Giolitti asked Caprioli to work at the Rome studio, but the artist preferred to stay at home. Working for a studio rather than a publisher was a difficult transition for Caprioli, who always took a very personal interest in his art.

"When he was doing stories for France, he continued to work as he always had, from home. Certainly, he missed the direct contact with the publisher because, even though he talked with Miss Ratier [the French editor] on the telephone, everything else was done through Giolitti. He never even had the satisfaction of seeing his work in print. You can imagine what it did to the soul of an artist like my father, to see his work, executed with such love and care, mysteriously disappear into the 'exterior,' without ever knowing anything about it: whether the readers liked it, and so on. The pages paid very little."

Unlike American shops of the forties, which broke jobs into assembly-line pieces, Studio Giolitti seems to have followed the European tradition of assigning artists jobs which they produced alone. Of course this doesn't mean the artist didn't sometimes use assistants. However the shop-style system of several artists working on a single page seems to have been rare.

Brunoro asked Fulvio Caprioli how Giolitti came to select her father to draw The White Patrol.

"Papa was already well known and appreciated in France and other foreign countries. His stories were even reprinted in Siam! ... The second reason was that Papa was fluent in French, which Giolitti wasn't. Perhaps he chose my father thinking that Papa would get on well with the scripts, which were sent in the original language."

Alberto Giolitti died in 1993. He was working till the very end, leaving behind an unfinished Tex story for Bonelli. A long list of artists, both old-timers and newcomers, had passed through Studio Giolitti's doors. The once-anonymous artist had impacted comic art in half a dozen countries. (At right, Tex by Giolitti)

8 comments:

彥宏 said...

TAHNKS FOR YOUR SHARING~~~VERY NICE ........................................

鄭明宏 said...

廢話不多,祝你順心~^^........................................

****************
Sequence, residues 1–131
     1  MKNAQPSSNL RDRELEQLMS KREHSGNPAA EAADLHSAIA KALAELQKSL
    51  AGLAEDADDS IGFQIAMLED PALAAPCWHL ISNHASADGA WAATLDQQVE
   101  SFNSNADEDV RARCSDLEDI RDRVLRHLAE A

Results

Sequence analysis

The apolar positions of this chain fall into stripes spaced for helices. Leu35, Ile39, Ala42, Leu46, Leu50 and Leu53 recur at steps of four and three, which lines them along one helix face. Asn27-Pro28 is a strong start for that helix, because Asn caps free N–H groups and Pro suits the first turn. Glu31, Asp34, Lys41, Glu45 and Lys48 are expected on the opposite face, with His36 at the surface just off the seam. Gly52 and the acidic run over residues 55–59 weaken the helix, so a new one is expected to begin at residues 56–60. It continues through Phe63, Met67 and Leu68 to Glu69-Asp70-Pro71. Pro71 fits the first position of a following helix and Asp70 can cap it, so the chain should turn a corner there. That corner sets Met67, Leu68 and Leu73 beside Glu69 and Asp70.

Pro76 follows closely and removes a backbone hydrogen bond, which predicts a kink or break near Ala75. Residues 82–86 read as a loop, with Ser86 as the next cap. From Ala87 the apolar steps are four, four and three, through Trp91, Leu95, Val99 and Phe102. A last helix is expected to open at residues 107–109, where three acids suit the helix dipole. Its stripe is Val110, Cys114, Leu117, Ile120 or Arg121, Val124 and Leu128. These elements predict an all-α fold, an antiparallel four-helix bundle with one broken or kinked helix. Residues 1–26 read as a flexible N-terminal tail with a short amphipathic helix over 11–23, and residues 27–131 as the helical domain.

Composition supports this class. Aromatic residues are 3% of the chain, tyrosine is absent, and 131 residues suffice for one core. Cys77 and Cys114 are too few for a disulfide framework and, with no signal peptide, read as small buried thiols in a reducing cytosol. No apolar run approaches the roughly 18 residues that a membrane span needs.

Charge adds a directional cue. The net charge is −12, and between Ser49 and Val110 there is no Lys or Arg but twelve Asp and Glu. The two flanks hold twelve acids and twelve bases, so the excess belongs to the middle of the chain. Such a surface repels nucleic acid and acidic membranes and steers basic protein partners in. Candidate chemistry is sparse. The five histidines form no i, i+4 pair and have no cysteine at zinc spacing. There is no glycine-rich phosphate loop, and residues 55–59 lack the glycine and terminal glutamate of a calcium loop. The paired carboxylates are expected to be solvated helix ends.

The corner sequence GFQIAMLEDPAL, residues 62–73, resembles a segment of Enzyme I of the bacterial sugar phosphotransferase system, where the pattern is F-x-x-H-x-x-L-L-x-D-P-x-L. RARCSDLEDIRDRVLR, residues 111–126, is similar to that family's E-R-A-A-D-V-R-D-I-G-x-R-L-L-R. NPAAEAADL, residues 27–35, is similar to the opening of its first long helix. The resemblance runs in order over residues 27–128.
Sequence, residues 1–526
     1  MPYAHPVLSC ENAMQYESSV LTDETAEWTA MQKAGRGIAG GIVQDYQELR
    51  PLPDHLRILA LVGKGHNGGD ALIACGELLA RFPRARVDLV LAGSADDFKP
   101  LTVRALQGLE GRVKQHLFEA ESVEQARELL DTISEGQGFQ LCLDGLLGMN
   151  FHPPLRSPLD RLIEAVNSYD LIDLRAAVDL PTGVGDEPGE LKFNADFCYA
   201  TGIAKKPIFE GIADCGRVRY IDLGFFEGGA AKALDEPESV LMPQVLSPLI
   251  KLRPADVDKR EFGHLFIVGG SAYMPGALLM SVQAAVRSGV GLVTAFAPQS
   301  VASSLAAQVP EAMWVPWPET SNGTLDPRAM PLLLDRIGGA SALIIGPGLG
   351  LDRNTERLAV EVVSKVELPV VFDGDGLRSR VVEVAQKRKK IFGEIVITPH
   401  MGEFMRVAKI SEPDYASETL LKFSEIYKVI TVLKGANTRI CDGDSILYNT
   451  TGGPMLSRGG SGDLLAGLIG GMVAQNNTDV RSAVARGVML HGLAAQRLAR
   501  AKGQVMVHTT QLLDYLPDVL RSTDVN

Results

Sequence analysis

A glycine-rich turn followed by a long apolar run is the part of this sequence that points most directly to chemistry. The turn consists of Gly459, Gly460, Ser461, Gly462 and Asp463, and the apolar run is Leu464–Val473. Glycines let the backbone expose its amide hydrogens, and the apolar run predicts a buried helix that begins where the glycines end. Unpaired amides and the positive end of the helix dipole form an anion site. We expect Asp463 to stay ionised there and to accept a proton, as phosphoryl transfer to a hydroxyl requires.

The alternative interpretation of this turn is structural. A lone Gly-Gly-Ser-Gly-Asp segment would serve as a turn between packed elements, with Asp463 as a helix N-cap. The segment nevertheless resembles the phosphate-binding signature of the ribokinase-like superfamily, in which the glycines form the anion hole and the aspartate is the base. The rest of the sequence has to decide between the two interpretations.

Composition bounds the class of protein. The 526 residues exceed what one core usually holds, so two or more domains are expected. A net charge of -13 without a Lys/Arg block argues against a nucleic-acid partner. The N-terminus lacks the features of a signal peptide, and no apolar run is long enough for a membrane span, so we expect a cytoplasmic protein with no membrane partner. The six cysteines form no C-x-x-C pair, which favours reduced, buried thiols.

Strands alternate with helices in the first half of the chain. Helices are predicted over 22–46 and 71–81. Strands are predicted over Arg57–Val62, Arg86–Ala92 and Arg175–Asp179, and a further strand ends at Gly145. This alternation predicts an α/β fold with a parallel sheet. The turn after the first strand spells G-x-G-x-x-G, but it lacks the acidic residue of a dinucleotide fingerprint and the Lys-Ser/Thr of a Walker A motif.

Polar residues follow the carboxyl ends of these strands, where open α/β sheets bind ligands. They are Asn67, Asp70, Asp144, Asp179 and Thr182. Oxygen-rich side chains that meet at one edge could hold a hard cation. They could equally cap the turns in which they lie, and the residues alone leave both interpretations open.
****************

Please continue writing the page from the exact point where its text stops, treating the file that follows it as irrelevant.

Ronn Sutton said...

I'm surprised to hear about money trouble at Giolitti's studio because they were turning out so much work (allegedly up to 400 pages a month at one point!). Giolitti's 240-page western "TEX: Terra Senza Legge" is usually within arm's reach of my own drawing table. His work on King Kong, Jungle Jim and Wells Fargo are other particuliar favorites of mine. A tremendous, and largely unknown, talent. Even Al Williamson is a Giolitti fan.

---Ronn Sutton

Smurfswacker said...

Of course, Fulvia Caprioli was describing the studio in its earliest days. I imagine the "squalid" building and the studio's cash flow improved over time. Still, a lot of Studio G. work was for very cheap markets (Jacula and Oltretomba, for example), and as you know cheap clients are often slow-paying clients. Even in good times Studio G. may have had to dance between payments coming in and payments going out. I want to know more about its history.

As for Giolitti himself, I'd love to have a copy of "Terra Senza Legge." Like you I keep a stack of his work near at hand; among my favorites are his "Have Gun, Will Travel" and his later "Sgt. Preston." He did a great "Jungle Jim," too.

羅惠玲 said...

Poverty is stranger to industry.......................................................

Paul Chadwick said...

It was a pleasure going to the Giolitti site and reviewing some of the stories, particularly Star Trek.

I'm amused that he made the uniforms baggier than they were on the show, because he obviously (from his other work) loved drawing folds and wrinkles on clothing.

He does his best, but just can't nail Shatner, who is deucedly hard to draw, as you know. You did a better job when you did the ST newspaper strip.

Why did Dell comics have no panel borders? Has anyone ever mentioned the origin of this policy?

Smurfswacker said...

The no-borders thing started when Western Printing severed their ties with Dell and decided to go it alone as Gold Key. I don't remember where I read it, but someone said Western wanted the magazines to look more like storybooks and less like comics. They also made the balloons rectangular with rounded corners and reduced the number of words per balloon. I may be on the last point, since I never counted words, but to my eye the lettering is larger and the dialogue simpler in the earlier Gold Key comics.

The strangest Star Trek comic of all was the first issue, drawn by Nevio Zeccara, another Italian comics veteran. Everything was wrong...the female crew members even wore funny little hats.

Ronn Sutton said...

I remember reading that Giolitti never saw the Star Trek tv show when he was working on the comic because it wasn't being aired in Italy. So he was working from stills and had to make up an awful lot of stuff. His Star Trek work was never a favorite of mine.

But I love his work on Voyage To The Bottom Of The Sea, particuliarly an issue where a big game hunter stalks a whale. Both hunter and his drum-playing native bearers wear air tanks and bubble helmets (right over a pith helmet!). Crazy stuff, but wonderfully drawn.